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Basic Information about the Waste Reduction Model (WARM)

EPA created the Waste Reduction Model (WARM) to help solid waste planners and organizations track and voluntarily report greenhouse gas (GHG) emissions reductions, energy savings and economic impacts from several different waste management practices.

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What is WARM?

WARM is a tool that calculates and totals the GHG emissions, energy savings and economic impacts of baseline and alternative waste management practices, including source reduction, recycling, combustion, composting, anaerobic digestion and landfilling. The model calculates emissions, energy units and economic factors across a wide range of material types commonly found in municipal solid waste in the following categories:

  • Metric tons of carbon dioxide equivalent (MTCO2E),
  • Energy units (million British Thermal Unit - BTU),
  • Labor hours,
  • Wages ($), and
  • Taxes ($).

WARM is currently available as a tool based on a database developed in open life cycle assessment (openLCA) software, with versions available for both Windows and Macintosh users. WARM is also available as a downloadable Microsoft Excel spreadsheet.

GHG savings are calculated by comparing the emissions associated with managing materials under an alternative scenario with the emissions associated with the user’s baseline scenario (i.e., current practices), as opposed to simply multiplying the quantity of materials managed by an emission factor. For example, the GHG savings of recycling one (1) short ton (standard U.S. ton) of aluminum cans instead of landfilling them would be calculated as follows:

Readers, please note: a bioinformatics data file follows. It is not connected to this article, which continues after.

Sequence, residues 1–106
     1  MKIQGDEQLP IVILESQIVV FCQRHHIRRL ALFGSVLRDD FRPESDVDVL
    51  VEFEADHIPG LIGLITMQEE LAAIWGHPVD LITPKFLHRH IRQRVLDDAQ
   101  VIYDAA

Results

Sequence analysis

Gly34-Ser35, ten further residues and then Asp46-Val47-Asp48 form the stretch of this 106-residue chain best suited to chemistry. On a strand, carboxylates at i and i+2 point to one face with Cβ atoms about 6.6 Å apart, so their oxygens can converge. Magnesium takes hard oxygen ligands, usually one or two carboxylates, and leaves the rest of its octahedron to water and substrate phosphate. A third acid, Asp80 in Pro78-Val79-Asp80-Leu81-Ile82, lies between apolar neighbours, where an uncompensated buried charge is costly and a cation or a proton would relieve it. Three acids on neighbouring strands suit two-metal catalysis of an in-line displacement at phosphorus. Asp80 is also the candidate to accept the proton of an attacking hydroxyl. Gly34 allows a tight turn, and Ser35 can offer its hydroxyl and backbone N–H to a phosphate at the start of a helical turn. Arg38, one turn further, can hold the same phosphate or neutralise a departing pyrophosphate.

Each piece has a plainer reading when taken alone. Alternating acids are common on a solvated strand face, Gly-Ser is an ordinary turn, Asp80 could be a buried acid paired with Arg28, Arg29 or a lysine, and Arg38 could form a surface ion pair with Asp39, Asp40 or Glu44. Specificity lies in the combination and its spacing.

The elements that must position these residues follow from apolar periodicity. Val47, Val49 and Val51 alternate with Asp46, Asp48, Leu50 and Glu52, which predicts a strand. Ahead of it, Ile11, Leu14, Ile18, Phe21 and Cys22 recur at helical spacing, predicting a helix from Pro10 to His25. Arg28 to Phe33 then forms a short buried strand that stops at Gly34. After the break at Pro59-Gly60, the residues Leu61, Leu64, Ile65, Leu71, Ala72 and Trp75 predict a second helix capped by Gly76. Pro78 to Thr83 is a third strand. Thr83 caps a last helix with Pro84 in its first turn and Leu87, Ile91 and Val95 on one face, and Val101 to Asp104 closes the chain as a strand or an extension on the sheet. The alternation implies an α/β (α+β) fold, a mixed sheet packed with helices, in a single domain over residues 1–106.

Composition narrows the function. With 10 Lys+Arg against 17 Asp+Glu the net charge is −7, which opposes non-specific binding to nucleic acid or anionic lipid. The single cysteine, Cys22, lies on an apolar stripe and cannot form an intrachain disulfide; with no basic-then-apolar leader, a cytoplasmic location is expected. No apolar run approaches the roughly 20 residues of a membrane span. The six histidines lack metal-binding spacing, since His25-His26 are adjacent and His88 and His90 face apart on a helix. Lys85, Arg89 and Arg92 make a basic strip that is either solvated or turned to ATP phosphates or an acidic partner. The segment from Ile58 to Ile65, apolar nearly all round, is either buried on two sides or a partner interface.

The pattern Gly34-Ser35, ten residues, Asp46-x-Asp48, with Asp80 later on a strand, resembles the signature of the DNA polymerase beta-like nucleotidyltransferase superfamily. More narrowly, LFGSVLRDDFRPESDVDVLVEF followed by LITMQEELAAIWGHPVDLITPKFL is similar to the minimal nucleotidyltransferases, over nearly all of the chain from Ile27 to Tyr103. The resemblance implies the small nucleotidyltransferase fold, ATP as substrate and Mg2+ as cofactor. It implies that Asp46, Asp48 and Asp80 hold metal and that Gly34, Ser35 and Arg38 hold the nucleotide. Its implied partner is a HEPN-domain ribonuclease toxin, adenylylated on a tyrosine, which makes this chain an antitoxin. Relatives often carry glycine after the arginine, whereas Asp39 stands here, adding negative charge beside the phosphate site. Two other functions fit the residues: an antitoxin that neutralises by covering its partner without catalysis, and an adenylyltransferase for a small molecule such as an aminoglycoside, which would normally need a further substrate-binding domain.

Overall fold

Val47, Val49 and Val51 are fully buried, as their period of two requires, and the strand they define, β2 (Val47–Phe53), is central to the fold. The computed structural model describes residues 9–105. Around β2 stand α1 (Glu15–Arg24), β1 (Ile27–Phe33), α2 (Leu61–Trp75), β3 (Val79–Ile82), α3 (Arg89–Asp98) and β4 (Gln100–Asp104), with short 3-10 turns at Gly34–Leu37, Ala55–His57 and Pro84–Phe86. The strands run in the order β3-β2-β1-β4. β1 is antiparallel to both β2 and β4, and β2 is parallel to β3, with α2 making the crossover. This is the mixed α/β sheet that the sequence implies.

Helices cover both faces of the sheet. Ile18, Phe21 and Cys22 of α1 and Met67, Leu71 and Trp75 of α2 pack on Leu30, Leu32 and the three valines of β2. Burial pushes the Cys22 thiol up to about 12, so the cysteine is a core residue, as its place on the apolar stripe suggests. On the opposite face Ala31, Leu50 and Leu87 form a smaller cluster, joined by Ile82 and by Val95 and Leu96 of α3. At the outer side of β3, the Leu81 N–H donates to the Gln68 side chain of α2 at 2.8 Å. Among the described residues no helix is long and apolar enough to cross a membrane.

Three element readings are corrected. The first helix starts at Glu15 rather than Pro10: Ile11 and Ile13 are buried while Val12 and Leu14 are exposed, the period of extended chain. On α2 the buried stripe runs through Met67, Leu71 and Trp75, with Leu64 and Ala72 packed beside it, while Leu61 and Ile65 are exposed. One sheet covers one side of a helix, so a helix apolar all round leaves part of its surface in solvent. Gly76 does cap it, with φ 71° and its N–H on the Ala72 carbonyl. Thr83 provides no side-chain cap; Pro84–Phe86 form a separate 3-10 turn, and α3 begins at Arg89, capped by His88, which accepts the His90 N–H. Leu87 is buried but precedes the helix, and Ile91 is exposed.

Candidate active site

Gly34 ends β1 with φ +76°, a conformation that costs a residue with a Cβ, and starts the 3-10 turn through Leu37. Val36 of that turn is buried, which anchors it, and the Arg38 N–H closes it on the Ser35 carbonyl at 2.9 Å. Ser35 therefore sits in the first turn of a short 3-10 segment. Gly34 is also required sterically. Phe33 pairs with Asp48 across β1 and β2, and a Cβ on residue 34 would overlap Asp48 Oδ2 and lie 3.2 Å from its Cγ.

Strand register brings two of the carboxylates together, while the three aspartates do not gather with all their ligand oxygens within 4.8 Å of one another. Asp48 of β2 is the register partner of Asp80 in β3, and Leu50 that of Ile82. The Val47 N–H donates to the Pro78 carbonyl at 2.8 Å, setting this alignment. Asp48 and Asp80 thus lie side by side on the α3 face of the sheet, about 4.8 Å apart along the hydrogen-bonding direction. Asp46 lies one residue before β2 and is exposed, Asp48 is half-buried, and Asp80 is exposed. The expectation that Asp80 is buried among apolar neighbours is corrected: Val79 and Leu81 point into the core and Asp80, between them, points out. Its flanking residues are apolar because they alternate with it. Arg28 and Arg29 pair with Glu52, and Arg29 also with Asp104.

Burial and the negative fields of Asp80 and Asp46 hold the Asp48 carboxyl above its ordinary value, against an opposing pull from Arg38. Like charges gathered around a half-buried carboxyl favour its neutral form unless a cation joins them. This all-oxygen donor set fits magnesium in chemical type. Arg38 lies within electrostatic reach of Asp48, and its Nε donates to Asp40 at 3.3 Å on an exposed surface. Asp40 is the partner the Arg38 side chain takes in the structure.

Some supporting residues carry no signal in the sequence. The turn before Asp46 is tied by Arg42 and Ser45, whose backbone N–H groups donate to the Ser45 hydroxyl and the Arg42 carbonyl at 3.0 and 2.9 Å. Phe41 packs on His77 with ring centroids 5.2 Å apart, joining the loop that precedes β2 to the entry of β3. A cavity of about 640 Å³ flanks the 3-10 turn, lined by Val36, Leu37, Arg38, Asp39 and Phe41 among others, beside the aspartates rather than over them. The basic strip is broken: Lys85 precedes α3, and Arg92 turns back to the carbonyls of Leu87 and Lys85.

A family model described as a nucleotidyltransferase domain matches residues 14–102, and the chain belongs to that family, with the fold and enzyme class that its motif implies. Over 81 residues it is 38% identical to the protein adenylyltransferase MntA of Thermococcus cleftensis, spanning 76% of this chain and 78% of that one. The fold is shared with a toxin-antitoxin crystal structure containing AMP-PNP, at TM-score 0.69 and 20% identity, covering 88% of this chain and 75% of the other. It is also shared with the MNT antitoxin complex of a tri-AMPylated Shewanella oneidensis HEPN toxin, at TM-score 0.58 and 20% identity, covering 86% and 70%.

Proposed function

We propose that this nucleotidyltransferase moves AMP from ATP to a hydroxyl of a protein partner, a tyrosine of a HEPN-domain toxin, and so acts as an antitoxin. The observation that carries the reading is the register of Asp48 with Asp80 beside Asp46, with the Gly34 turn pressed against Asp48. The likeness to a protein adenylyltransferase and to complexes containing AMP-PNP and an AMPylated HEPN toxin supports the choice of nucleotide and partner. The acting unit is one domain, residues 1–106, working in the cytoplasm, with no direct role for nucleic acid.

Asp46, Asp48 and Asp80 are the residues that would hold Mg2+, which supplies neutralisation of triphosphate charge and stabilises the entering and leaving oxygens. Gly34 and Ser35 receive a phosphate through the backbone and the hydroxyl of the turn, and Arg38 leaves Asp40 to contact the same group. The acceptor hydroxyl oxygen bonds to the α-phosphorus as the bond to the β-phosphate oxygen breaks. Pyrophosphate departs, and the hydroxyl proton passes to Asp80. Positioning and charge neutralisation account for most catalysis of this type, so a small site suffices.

(1 short ton × -9.13 MTCO2E/short ton) - (1 short ton × 0.02 MTCO2E/short ton) = -9.15 MTCO2E

WARM is periodically updated as new information becomes available and new material types are added. Users may refer to the model history to better understand the differences among various versions of WARM. WARM was last updated in May 2019.

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Who Should Use WARM?

WARM helps solid waste planners and organizations track and voluntarily report greenhouse gas (GHG) emissions reductions, energy savings and economic impacts from six different waste management practices including source reduction, recycling, composting, anaerobic digestion, combustion and landfilling. WARM can be used by individuals and organizations ranging from state and local governments, solid waste planners, students, small businesses, and other organizations interested in the GHG, energy and economic impacts frm materials management decisions.

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What Materials Are in WARM?

WARM now recognizes 60 material types, which are presented in the table below. Their emission, energy and economic factors are available for viewing in units of metric tons of carbon dioxide equivalent (MTCO2E), million BTU, labor hours, wage dollars and tax dollars. 

Material Types Recognized by WARM
Aluminum Cans Fly Ash Mixed Paper (primarily from offices)
Aluminum Ingot Food Waste Mixed Paper (primarily residential)
Asphalt Concrete Food Waste (meat only) Mixed Plastics
Asphalt Shingles Food Waste (non-meat) Mixed Recyclables
Beef Fruits and Vegetables Newspaper
Branches Glass Office paper
Bread Grains PET (polyethylene terephthalate)
Carpet Grass Phonebooks
Clay Bricks Hard-copy Devices PLA (polylactic acid)
Concrete HDPE (high-density polyethylene) Portable Electronic Devices
Copper Wire LDPE (low-density polyethylene) Poultry
Corrugated Cardboard Leaves PP (polypropylene)
Cathode Ray Tube (CRT) Displays LLDPE (linear low-density polyethylene) PS (polystyrene)
Dairy Products Magazines/Third-Class Mail PVC (polyvinyl chloride)
Desktop Central Processing Units (CPU)s Medium Density Fiberboard Steel Cans
Dimensional Lumber Mixed Electronics Textbooks
Drywall Mixed Metals Tires
Electronic Peripherals Mixed MSW (municipal solid waste) Vinyl Flooring
Fiberglass Insulation Mixed Organics Wood Flooring
Flat-Panel Displays Mixed Paper (general) Yard Trimmings

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